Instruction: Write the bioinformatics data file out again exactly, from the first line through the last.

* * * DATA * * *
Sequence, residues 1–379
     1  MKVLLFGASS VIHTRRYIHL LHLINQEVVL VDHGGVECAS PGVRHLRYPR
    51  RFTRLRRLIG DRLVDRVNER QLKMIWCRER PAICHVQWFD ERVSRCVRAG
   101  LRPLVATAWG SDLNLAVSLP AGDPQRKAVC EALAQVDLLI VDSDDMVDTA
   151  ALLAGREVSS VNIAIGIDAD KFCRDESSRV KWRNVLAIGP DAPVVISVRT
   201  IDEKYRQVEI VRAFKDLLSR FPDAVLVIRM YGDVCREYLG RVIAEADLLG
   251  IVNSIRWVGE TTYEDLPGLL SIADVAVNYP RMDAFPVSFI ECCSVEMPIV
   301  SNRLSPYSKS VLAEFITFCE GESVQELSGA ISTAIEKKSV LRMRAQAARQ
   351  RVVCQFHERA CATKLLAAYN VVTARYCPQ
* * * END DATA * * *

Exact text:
Sequence, residues 1–379
     1  MKVLLFGASS VIHTRRYIHL LHLINQEVVL VDHGGVECAS PGVRHLRYPR
    51  RFTRLRRLIG DRLVDRVNER QLKMIWCRER PAICHVQWFD ERVSRCVRAG
   101  LRPLVATAWG SDLNLAVSLP AGDPQRKAVC EALAQVDLLI VDSDDMVDTA
   151  ALLAGREVSS VNIAIGIDAD KFCRDESSRV KWRNVLAIGP DAPVVISVRT
   201  IDEKYRQVEI VRAFKDLLSR FPDAVLVIRM YGDVCREYLG RVIAEADLLG
   251  IVNSIRWVGE TTYEDLPGLL SIADVAVNYP RMDAFPVSFI ECCSVEMPIV
   301  SNRLSPYSKS VLAEFITFCE GESVQELSGA ISTAIEKKSV LRMRAQAARQ
   351  RVVCQFHERA CATKLLAAYN VVTARYCPQ